There are many services a service tech should perform as part of routine work that can help prevent IAQ problems in the long run, such as cleaning coils properly with an EPA-registered foaming cleaner.

VARIED SOLUTIONS

IAQ solutions aren’t limited to filtration and air cleaners. High humidity levels create problems that can be addressed directly by the a/c system. Roxanne Scott, Heat Controller’s product manager, pointed out that the key to preventing mold and dust mites is moisture control.

“By managing the amount of moisture in the home,” she explained, “you begin the process of controlling these indoor pollutants. In addition to avoiding potential health problems, you can prevent damage to the home and its furnishings.”

One of the reasons for the increased concern over IAQ, Scott said, is that homes today are tighter than ever before. In these times of rising fuel costs, homeowners are trying to conserve energy by adding insulation, and installing storm doors and low E windows, weather stripping, and vapor barriers. Without proper ventilation, more contaminants are being trapped inside the home.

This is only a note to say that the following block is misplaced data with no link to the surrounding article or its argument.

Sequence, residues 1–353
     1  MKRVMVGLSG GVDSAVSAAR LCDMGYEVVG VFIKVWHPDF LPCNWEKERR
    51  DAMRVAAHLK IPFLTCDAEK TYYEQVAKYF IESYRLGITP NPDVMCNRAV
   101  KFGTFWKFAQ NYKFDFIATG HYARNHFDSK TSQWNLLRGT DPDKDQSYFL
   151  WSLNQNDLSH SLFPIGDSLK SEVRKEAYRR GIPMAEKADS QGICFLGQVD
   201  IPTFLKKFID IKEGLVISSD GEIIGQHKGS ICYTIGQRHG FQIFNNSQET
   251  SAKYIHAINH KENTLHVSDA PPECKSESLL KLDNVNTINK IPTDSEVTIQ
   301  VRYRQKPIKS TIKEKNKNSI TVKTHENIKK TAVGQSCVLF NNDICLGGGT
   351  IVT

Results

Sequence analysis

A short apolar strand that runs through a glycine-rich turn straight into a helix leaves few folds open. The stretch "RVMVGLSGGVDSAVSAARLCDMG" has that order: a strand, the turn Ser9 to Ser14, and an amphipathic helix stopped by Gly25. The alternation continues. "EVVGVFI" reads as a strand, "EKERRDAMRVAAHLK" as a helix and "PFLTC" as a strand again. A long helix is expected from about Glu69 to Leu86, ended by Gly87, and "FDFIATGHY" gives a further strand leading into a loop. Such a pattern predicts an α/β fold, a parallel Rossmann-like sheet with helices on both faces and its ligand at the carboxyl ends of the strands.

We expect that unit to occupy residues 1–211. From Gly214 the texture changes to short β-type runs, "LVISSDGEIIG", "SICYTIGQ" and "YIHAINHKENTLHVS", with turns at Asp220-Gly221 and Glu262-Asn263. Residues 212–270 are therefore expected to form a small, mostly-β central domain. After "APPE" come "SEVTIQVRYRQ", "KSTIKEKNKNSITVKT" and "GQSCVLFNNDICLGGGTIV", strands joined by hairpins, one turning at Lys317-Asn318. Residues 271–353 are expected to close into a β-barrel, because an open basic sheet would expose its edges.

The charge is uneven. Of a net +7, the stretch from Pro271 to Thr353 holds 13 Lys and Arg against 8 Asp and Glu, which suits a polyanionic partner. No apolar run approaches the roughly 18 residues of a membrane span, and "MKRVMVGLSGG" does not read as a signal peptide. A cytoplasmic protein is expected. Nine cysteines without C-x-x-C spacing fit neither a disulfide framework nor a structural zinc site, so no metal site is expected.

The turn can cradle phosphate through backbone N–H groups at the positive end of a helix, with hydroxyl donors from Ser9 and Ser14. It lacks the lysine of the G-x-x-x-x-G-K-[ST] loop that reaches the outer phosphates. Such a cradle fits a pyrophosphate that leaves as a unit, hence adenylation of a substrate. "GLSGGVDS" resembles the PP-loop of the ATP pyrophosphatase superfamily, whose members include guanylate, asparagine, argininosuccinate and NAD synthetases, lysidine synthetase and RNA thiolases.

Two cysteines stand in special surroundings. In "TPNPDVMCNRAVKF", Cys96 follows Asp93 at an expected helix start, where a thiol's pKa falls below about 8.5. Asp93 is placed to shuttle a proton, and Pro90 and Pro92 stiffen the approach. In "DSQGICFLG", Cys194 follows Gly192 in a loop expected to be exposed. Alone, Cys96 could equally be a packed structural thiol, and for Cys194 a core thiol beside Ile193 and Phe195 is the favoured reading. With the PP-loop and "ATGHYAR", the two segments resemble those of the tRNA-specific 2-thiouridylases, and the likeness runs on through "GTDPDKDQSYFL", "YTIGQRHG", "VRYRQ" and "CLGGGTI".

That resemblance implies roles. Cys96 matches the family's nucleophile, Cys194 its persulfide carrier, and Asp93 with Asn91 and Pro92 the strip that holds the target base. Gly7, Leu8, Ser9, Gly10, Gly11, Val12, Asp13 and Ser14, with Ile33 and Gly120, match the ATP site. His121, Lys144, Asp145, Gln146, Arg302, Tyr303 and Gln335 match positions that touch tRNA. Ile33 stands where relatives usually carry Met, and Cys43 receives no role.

Solutions here include ventilation strategies, improved housekeeping, and whole-house dehumidification. Although air conditioners provide dehumidification as part of the cooling process, this may not be enough during extreme heat and humidity, Scott pointed out. “On the other hand, an air conditioner that is oversized or that is extremely energy efficient may lower the indoor temperature, but may not run long enough to adequately remove moisture, especially in areas with little air movement.”